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Old 05-29-2019, 02:07 PM   #1
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Forward looking sonar & Autopilot - good brands

So my boat is in refit and sadly I'm beginning to think I'll miss most of the summer. I am adding all new electronics with a Garmin 16 inch MDF unit but also Garmin forward looking sonar. Are there any other brands I should be looking at that will play well with Garmin?

Same question with autopilot.
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Old 05-29-2019, 02:21 PM   #2
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Not a huge fan of forward looking sonar- I think it’s more gimmick that anything else.

Before pulling the trigger, you may want to review all the latest gear from Raymarine and Furuno as well as Garmin.
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Old 05-29-2019, 03:53 PM   #3
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If you're using Garmin electronics, then nothing wrong with their sonar and autopilot, although their sonar has less distance coverage than some others. We had their sonar and autopilot on a boat and had no issues.

At one time I favored Simrad autopilots but today I'd be equally fine with all the others. On forward looking sonar, my preferences were Farsounder and then Echopilot next, but now others are slowly catching up.
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Old 05-29-2019, 05:01 PM   #4
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I like to stick with one manufacturer so that when there is a problem you only have to deal with one vendor. Rather than having 2 vendors pointing fingers at each other as to whose problem it is.
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Old 05-29-2019, 06:14 PM   #5
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I like to stick with one manufacturer so that when there is a problem you only have to deal with one vendor. Rather than having 2 vendors pointing fingers at each other as to whose problem it is.

Good point.
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Old 05-29-2019, 07:54 PM   #6
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I have Interphase forward looking sonar. I think you have to consider what you're expectations are.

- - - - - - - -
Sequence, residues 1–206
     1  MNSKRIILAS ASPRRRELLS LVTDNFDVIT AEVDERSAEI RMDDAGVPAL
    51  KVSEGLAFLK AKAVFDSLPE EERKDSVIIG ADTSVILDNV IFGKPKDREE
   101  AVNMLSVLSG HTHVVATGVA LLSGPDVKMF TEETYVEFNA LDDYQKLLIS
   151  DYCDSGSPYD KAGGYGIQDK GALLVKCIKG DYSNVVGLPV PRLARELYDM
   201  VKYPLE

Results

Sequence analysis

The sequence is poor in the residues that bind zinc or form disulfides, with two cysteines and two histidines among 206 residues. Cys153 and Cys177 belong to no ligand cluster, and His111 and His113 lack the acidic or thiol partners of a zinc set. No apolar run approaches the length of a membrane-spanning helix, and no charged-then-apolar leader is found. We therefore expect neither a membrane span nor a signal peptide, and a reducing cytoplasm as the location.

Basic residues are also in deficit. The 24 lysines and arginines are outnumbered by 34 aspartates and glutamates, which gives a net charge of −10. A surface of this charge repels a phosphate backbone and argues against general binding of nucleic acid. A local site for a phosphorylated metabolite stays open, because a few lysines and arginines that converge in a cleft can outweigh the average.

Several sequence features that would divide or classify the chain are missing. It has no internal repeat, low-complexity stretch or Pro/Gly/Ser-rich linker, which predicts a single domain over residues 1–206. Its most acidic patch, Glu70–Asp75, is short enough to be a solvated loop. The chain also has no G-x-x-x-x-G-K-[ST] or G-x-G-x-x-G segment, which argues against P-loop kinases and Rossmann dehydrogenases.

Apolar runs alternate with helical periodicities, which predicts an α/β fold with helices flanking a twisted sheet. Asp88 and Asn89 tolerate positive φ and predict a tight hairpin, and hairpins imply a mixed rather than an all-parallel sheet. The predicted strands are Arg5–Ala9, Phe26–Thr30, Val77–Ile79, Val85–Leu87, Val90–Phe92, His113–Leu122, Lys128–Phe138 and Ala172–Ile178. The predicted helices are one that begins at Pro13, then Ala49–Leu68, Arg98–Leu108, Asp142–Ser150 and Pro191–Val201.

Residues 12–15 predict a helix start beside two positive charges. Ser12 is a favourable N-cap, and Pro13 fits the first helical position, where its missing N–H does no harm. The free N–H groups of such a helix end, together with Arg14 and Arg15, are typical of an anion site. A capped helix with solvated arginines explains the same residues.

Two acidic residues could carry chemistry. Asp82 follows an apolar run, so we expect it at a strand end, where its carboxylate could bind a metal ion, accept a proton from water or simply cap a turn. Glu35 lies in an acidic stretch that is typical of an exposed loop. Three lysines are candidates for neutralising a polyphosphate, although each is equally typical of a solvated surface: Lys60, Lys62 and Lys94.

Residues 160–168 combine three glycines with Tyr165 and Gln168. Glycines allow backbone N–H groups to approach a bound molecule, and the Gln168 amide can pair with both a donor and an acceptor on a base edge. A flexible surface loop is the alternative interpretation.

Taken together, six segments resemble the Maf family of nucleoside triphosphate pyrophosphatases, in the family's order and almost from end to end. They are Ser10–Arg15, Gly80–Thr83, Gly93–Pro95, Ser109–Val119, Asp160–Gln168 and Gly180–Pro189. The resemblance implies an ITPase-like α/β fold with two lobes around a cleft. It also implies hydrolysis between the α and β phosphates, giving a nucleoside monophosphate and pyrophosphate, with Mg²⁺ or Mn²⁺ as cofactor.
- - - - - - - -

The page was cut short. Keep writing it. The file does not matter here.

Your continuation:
Feet in nautical mile: 6076.12

8knots = 48,608 feet per hour.
-> 810.13 feet per minute
-> 13.50 feet per second.

At 8kts a forward looking sonar at 40 feet will give you 2.96 seconds to react you before you hit it. Do you expect to look away from the display for more than 2.96 seconds?

It's helpful nosing into anchorages very, very slowly. That's about it.
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Old 05-29-2019, 08:23 PM   #7
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OP, I don’t have forward looking sonar, so I can’t comment. Based on the comments in Post 6, Curious what you are looking to achieve? IE, what data does forward looking provide you?
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Old 05-29-2019, 09:22 PM   #8
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I would suggest you check out Simrad NSO and NSS series. We have an NSO in our pilothouse with 2 19" screen and 12" NSS on the flybridge. they are network together for forward scan and side scan (structure scan). I love the forward scan and use for fishing and diving. It works great for for seeing what is in front of you in a new anchorage or shore line or what ever and we can see our anchor drop and when bring it up know where the chain is at. Those that do not have it, do not know what they are missing from a diving and fish perspective.